Tino Martinez, meet Doug DeCinces and Ray Knight.
As Martinez prepares to replace Don Mattingly at first base for the Yankees today, he should take comfort in the knowledge that he is not the first player to replace a living legend. In two comparable circumstances, DeCinces replaced Brooks Robinson at third base in Baltimore and Knight replaced Pete Rose at third base in Cincinnati.
DeCinces and Knight lived to tell about it, and now they have some advice for, and some thoughts about, Martinez.
"Tino is an established major-leaguer already," DeCinces said. "He's replacing the last living Yankee legend. Mattingly deserves all the credit he's receiving, but Tino is not a rookie trying to break into the major leagues replacing Mattingly. That will help him."
Martinez, 28, played four full seasons and parts of two others with the Seattle Mariners. After an undistinguished early career, he emerged last season by hitting .293, slugging 31 home runs and driving in 111 runs. If he hits that way in a Yankees uniform, he won't make anyone forget Mattingly, but he will gain quick acceptance.
"In my mind, Tino just needs to be Tino," Knight said. "He's a great offensive player. He's not Don Mattingly. He's not going to do the things Don Mattingly did. He may not be as good defensively. He may not hit .350. But he's a very good player. My advice to him is go play baseball. Don't try to be Don Mattingly; be yourself and play."
Martinez could revert to earlier seasons, when he hit in the .260s, reached the teens in home runs and drove in 60-some runs.
But, the Cincinnati Reds' rookie manager added: "I don't think he's going to fail. He's probably going to hit 30 home runs in that ballpark, drive in close to 100 runs."
Knight had played for the Reds for two seasons when he became their third baseman in 1979. Rose left as a free agent after the 1978 season, having amassed 3,164 hits out of his 4,256 total.
DeCinces began replacing Robinson, the automatic Gold Glover and outstanding clutch hitter, as the Orioles' third baseman in 1976 and completed the takeover the following season.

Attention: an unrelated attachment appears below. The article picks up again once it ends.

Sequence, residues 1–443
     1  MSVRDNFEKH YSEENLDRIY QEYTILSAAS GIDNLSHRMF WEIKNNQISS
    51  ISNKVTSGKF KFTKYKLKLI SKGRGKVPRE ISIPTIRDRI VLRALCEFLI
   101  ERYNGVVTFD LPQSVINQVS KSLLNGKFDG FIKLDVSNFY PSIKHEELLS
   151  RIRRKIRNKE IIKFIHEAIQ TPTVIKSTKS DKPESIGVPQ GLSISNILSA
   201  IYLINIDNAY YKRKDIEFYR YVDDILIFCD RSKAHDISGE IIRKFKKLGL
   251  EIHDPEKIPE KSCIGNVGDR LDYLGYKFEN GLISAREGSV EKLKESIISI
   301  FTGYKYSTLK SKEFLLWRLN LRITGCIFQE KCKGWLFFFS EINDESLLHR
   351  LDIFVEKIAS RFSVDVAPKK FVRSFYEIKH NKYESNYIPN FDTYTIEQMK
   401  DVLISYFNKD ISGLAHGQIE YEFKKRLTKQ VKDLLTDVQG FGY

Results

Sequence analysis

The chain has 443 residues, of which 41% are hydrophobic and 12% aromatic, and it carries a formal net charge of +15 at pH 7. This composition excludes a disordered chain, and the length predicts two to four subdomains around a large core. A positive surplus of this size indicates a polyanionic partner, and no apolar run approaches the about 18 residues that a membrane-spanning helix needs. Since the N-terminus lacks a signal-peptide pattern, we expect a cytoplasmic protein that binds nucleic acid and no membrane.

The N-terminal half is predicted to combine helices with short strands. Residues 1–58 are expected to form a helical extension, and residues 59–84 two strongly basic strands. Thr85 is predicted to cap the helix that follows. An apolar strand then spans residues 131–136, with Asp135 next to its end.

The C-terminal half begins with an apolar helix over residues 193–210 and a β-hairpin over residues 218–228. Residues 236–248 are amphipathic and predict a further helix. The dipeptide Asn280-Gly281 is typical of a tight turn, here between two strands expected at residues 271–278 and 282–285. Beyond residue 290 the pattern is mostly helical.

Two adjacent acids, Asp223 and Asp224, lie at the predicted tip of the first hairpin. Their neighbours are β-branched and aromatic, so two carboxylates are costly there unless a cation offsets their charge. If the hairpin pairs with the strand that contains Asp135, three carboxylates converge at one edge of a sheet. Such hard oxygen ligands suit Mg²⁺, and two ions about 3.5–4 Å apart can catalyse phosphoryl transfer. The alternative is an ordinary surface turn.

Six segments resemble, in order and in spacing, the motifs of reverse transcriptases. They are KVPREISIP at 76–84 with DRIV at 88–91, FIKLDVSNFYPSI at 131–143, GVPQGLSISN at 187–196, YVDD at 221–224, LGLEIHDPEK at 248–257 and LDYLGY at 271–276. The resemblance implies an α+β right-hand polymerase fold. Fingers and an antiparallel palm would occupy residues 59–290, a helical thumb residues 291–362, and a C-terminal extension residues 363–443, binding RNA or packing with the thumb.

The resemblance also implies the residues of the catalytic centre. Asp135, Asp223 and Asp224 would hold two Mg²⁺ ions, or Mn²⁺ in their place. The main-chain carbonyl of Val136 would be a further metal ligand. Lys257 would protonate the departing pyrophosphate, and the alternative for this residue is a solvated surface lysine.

"My situation was a lot different from his," Knight said. "DeCinces took over for Brooks Robinson about the same time, but Brooks was at the end of his career and they knew someone was coming. Pete was in the midst of his career, playing great."
But, DeCinces said, at least Rose was gone from Cincinnati.
"Brooks Robinson was still in uniform," he said, recalling his takeover at the age of 27. "I took his job while he was still there. He was my backup for a year."
That Robinson was at the end of his glorious career and needed to be replaced provided little solace for DeCinces in his struggle to establish himself in the eyes of Orioles fans.
"It was very, very difficult," he said. "I faced it. It wasn't easy. I used to get hate mail. I was touted to be the next Brooks Robinson, at least the heir apparent. I remember being introduced for the second game of a doubleheader and fans booed. It wasn't so much me. They wanted to see their superstar. I think it was the audacity that someone could even replace him."
Asked if he ever became comfortable, DeCinces, a real estate developer in Newport Beach, Calif., said: "Yeah, when I got traded to the California Angels. It was always a constant comparison, something I had to deal with. But the thing I am proudest of when I look back was that I was able to overcome that as well as establish myself as a major leaguer. Once I got over playing for Earl Weaver and replacing Brooks, I had the tough things behind me."
Pub Date: 4/01/96